The characteristics of Silverstone flattered Red Bull just as the cool weather hampered the Brawns and Button in particular (he's less aggressive on his tyres than Barrichello and so suffered accordingly in qualifying). Red Bull have undoubtedly moved forward but Button is probably correct in asserting that "the gap isn't as big as it looks - it was just that the conditions didn't suit us here".
Only if the Brawns have no answer to the Red Bulls in the forecast heat of Germany and Hungary - conditions in which the Brawns have excelled so far - will there be genuine cause for concern. And even then, Button's position will remain formidable unless another team proves faster than the Brawns along with Red Bull. Even with all their problems in Silverstone, the Brawns were still a respectable second best.
Alonso And Hamilton Are In The Wrong Place
Something is wrong, too, with F1 when two of its best drivers are reduced to scrapping over 16th and when a scrap for 16th is the pinnacle of the on-track entertainment on offer.
Hamilton's driving at Silverstone was erratic at best and messy at worst. But that is almost incidental. After the debacle of Australia and Malaysia, and with his McLaren car probably without equal for aerodynamic shortfall, what mattered more is his display of positive character. His team are going backwards, but Hamilton at least is moving forward with his reputation and PR. Reaching rock bottom is not without possibility.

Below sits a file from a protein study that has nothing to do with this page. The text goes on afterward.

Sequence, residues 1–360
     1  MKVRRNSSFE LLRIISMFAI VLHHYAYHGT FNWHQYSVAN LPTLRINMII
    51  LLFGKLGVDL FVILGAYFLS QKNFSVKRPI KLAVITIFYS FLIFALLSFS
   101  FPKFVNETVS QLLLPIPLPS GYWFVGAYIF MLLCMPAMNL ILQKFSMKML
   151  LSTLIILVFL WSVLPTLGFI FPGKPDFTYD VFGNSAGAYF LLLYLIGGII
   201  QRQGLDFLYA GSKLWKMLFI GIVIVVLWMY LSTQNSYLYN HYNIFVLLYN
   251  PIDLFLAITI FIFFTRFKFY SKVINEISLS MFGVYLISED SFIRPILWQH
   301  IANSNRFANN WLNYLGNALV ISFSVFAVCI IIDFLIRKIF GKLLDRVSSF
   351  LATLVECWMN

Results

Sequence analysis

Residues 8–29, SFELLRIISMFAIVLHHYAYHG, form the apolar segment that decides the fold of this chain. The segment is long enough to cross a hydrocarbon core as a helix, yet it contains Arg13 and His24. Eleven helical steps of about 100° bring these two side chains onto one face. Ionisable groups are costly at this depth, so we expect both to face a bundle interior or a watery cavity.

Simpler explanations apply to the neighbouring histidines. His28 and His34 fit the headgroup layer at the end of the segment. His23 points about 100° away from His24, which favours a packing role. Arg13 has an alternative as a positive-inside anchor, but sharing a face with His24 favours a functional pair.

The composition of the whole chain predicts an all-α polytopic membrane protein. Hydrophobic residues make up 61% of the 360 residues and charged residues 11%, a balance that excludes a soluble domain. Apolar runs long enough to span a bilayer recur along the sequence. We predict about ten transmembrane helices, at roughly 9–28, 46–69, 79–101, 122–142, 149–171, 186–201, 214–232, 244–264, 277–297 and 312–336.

Rosberg Makes His Claim
A valuable weekend for Williams with the Grove outfit collecting a decent haul of points. Once again, it was Nico Rosberg who carried the team's fight but he remains an ambiguous figure in the F1 field. Is he a top-rate driver? Or is he being flattered in comparison to the waywardness of Kazuki Nakajima?
Assuming that F1 remains F1 in 2010, Rosberg should be an in-demand figure over the winter. The politicking has distracted from the annual game of speculation but it wont be long before the rumour mill whirls back into action and Rosberg should be a central figure. There are positions up for grabs surely at both Renault and McLaren and proably also Brawn. Compared to Piquet, Kovalainen and Barrichello, Rosberg, for all his ambiguity, would surely constitute a step up.
Source : Planet F1